This view was echoed by bioethicist Michael Reiss and moral philosopher Roger Straughan who explain in their book Improving Nature?: The Science and Ethics of Genetic Engineering that fears about the consolidation of power by a few agrochemical companies over farmers is a main argument against new genetic engineering technology in agriculture: "At its extreme, this fear belongs to the conspiracy-theory genre and, to caricature somewhat, envisages powerless farmers forced to pay ever increasing amounts to anonymous international companies who profit from the cost of the crop seed and from the cost of the herbicides used to spray them."
Political science professors Joseph Uscinski and Joseph M. Parent in their book American Conspiracy Theories summarized the people that have adopted GMO conspiracy theories thusly:
Another prototypical conspiratorial movement involves those opposed to genetically modified organisms (GMO), in essence a protest against the genetic engineering of food. Not everyone who opposes GMOs is a conspiracy theorist: reasonable people can disagree about research and fail to see small groups of people covertly working against the common good. But most visible and vocal members of this movement, however, are conspiracy theorists. They believe that genetically modified foods are a corporate plot, led by the giant multinational Monsanto, to profit off unhealthy food.
Uscinski, writing for Politico in the context of the 2016 United States presidential election, identified GMO conspiracy theories as one of the "honorable mentions" appended to his list of the "five most dangerous conspiracy theories of 2016". He specifically singled-out candidates Bernie Sanders and Jill Stein as promulgators. Michael Shermer and Pat Linse, writing for Skeptic magazine, specify that in terms of political ideology, "GMO conspiracy theories are embraced primarily by those on the left."
Scholars have identified ways that the internet has aided proliferation and connection between conspiracy theories including those about GMOs. For example, computer scientists Tanushree Mitra and Mattia Samory found in a 2018 study that "[to]pics [such as] “big pharma,” “vaccines,” and “GMO,” for example, decry the corruption of health services while promoting the virtues of a “natural” lifestyle." MIT Technology Review reported in February 2018 that Russian-backed disinformation campaigns were sowing public confusion about GMOs by promoting conspiracy theories.
A major aspect of many conspiracy theories is the fear that large agribusinesses, especially Monsanto are working to undermine the health and safety of the general public by introducing and promoting GMOs in the food supply. One claim is that Monsanto is deliberately hiding scientific evidence that GMOs are harmful. Some anti-GMO activists claimed that Monsanto infiltrated both the American Food and Drug Administration and the American Association for the Advancement of Science which is why the two organizations have supported the scientific evidence for the safety of the genetically engineered food available for human consumption. Jeffrey M. Smith is identified in the book American Conspiracy Theories as arguing that Monsanto has captured the FDA and many other countries. In the compendium Agricultural and Food Controversies, the authors who are social scientists and food scientists trace the conspiracy theory relating in particular to Monsanto back to events in the early 1990s:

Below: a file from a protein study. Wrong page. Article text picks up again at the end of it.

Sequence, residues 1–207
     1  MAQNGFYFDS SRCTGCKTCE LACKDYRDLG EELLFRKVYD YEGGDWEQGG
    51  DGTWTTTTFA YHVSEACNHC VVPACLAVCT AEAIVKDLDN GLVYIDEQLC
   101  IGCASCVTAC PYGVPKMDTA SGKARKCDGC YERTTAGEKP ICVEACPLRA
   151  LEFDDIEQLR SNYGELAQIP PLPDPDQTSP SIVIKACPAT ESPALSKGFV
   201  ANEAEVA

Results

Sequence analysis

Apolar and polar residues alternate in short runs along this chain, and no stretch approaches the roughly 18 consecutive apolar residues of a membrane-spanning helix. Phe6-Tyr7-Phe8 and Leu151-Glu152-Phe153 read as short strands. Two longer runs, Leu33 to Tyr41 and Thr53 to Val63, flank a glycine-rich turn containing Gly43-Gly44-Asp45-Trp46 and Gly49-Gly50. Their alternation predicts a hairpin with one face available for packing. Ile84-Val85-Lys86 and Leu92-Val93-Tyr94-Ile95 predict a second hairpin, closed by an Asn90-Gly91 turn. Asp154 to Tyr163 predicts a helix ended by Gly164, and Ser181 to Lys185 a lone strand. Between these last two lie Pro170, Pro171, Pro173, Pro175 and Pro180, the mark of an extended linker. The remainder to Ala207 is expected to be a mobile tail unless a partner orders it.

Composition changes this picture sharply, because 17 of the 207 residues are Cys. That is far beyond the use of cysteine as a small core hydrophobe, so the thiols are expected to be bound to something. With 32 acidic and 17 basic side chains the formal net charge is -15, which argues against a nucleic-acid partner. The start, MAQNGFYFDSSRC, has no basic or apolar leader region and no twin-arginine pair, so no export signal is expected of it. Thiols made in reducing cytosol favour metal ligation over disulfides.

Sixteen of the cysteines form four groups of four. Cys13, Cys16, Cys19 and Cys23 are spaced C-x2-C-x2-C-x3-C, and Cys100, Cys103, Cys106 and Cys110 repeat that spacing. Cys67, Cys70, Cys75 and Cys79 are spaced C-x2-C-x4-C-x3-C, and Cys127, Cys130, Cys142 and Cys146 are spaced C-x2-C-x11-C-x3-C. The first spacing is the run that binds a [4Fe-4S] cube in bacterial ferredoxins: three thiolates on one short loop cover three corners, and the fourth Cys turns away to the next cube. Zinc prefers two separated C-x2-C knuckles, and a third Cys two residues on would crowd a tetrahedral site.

There are some well-qualified dissenting scientists and a motivated group of food activists behind them, pushing back against GM food. They believe a GM crop is not substantially equivalent to traditional crops. Moreover, they believe that the FDA follows the substantial equivalence rule not because of the science, but because the FDA was corrupted by corporate influence. This is not a belief that the authors' share, but there are smart people of high character who do believe this conspiracy theory, and their side of the story deserves to be heard.
In The World According to Monsanto, author Marie-Monique Robin describes how the substantial equivalence began with a 1992 policy statement by the FDA under the leadership of a former Monsanto lawyer, who, after working in the FDA, returned to Monsanto as vice president. Her story suggests that GM regulations were the product of a revolving-door system where regulators are former and/or future employees of the company being regulated (note that some argue Monsanto wanted excess regulations to keep out competitors, but that is not Robin's story). It is not hard to imagine a company rewarding lenient regulators with a nice job, and food activists have websites listing powerful government officials and their relation to Monsanto and other corporations. If this sounds like a conspiracy theory (a term not meant as a euphemism), it is.
Belief that Monsanto is particularly problematic has inspired such actions as the March Against Monsanto and the singling out of Monsanto over other agribusinesses such as DuPont, Syngenta, Dow, BASF and Bayer, and has been identified as a salient feature of anti-GMO activism.